Man charged with murder of Marrisa Shen, 13, had no criminal record and was new to Canada
Police say Ibrahim Ali, 28, arrived in Canada as a refugee from Syria months before teen's death
A 28-year-old Burnaby, B.C., man with no previous criminal record has been charged with the first-degree murder of 13-year-old Marrisa Shen.
Police say Ibrahim Ali, who arrived in the country 17 months ago as a refugee from Syria, was arrested in Burnaby on Sept. 7.
Shen went missing on July 18, 2017. Her body was found early the next morning in Burnaby's Central Park. Police have not revealed how she was killed, nor if she was sexually assaulted.
"We still believe this crime was a random act," said Donna Richardson, superintendent with the Integrated Homicide Investigative Team. "As far as motive is concerned... I am not able to discuss these matters in order to protect future judicial procedures."
The charge against Ali was sworn on Saturday when he was remanded into custody until his next appearance in provincial court in Vancouver on Friday morning to consult with counsel.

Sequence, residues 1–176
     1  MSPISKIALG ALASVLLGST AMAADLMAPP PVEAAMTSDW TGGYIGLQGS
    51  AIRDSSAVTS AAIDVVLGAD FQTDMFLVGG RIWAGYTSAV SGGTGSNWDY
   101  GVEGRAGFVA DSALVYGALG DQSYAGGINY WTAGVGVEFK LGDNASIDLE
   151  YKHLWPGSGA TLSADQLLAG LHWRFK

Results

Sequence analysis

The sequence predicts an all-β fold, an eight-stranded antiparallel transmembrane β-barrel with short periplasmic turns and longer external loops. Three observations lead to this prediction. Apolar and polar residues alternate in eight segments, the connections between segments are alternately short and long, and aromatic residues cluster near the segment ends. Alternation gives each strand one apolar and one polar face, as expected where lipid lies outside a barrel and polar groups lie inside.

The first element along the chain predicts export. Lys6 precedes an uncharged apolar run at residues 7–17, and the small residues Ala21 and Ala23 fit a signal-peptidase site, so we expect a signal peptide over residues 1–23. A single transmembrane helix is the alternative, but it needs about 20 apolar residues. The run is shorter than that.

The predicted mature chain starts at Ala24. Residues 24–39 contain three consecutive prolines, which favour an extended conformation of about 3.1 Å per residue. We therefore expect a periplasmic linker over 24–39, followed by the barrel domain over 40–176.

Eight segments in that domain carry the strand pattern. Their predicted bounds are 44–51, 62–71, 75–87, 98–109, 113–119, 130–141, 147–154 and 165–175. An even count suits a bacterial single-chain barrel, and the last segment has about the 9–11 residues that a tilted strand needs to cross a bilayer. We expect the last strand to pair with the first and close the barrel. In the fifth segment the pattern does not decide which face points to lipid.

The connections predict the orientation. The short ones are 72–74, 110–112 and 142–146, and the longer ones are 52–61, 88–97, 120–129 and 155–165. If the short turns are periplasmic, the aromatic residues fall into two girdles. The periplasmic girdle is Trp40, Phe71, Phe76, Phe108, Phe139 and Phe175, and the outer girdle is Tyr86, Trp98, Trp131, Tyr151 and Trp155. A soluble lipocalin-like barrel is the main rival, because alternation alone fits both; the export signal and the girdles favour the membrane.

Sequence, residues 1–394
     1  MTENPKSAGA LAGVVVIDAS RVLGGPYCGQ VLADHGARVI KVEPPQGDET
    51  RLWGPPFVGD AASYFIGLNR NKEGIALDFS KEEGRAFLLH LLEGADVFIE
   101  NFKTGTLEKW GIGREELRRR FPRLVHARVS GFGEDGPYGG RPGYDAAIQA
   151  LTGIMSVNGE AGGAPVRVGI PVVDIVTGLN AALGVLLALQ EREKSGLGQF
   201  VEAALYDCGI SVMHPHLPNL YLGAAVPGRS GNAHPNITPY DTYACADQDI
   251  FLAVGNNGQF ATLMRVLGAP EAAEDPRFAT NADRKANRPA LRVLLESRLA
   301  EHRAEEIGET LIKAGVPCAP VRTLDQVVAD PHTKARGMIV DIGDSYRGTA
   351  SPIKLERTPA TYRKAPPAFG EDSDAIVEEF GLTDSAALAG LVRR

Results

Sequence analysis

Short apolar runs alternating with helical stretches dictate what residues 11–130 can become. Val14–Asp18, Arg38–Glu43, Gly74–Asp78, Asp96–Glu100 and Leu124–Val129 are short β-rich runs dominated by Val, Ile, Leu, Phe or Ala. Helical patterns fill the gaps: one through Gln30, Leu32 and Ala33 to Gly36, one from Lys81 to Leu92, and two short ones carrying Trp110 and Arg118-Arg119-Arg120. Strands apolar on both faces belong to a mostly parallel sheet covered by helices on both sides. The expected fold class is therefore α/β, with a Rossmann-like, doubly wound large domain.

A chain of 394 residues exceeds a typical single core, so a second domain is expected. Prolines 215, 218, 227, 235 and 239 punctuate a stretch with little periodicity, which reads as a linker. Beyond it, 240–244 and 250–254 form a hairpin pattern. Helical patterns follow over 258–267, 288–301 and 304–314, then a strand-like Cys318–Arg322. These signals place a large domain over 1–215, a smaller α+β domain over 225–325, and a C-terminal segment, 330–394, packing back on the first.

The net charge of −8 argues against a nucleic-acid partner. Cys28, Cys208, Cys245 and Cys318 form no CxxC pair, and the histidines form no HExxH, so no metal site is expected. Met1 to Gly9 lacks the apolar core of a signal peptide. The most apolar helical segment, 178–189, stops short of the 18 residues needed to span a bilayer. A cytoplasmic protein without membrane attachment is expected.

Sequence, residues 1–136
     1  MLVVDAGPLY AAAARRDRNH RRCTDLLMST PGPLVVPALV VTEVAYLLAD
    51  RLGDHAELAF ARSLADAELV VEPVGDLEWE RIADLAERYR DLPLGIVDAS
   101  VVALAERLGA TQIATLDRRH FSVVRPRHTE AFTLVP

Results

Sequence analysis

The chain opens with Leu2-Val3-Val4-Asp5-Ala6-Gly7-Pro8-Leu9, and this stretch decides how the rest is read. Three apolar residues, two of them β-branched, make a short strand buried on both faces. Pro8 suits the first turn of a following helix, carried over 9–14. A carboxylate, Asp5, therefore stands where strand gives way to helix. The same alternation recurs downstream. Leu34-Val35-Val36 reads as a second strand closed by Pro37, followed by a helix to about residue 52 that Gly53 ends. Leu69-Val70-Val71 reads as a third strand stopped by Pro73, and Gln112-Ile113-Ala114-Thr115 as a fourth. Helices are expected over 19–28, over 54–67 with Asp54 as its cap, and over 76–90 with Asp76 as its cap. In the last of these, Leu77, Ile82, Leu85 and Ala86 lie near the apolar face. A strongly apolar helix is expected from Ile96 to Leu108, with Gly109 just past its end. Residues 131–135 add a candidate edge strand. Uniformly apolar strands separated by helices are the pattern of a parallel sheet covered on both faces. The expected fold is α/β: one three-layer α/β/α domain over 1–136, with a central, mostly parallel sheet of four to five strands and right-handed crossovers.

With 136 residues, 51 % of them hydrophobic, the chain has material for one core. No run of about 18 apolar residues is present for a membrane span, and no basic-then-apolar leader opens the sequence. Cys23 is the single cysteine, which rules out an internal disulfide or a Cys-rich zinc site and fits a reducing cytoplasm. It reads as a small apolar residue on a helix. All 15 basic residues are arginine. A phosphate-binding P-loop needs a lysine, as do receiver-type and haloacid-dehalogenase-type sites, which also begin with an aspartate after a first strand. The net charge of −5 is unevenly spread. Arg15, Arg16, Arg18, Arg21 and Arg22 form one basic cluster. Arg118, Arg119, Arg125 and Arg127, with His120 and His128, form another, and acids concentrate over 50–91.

The break in the case comes after more than a year of heartbreak for Shen's family, who issued a thank-you statement to police, the public and the media.
"We hope that justice will finally be served and Marrisa will finally be at peace in heaven," it read.
Shen was seen leaving her apartment building across from the park at around 6 p.m. PT on the day she was killed. Police say a text was sent from her phone an hour earlier, but haven't given any details about the communication.
Surveillance footage later showed the teenager entering a nearby Tim Hortons minutes after she left her apartment. She stayed there for an hour and a half.
Shen's family reported her missing to police at 11:30 p.m. PT on July 18. Her body was found in the brush in the southeast corner of Central Park a little more than an hour later.
Police say they became aware of Ali two weeks ago based on new evidence that was recently gathered.
"I'm not going to say there was a key piece of evidence, it was culmination of a number of things," said Richardson.
The investigation was one of the largest ever undertaken by IHIT involving 600 interviews, over a thousand hours of video footage collected and over 2000 persons of interest identified, according to Richardson.
In April, police released a criminal profile of the person believed responsible for her killing, which they called a "random act."
Profilers believe the offender lived near the park where Shen's body was found and may have uncharacteristically avoided the area after her death. They said he may have demonstrated other unusual behaviour, including missed work or scheduled appointments, and suicidal gestures or attempts.
They also said he may have shown "interest or special attention to the media coverage related to Marrisa Shen's death."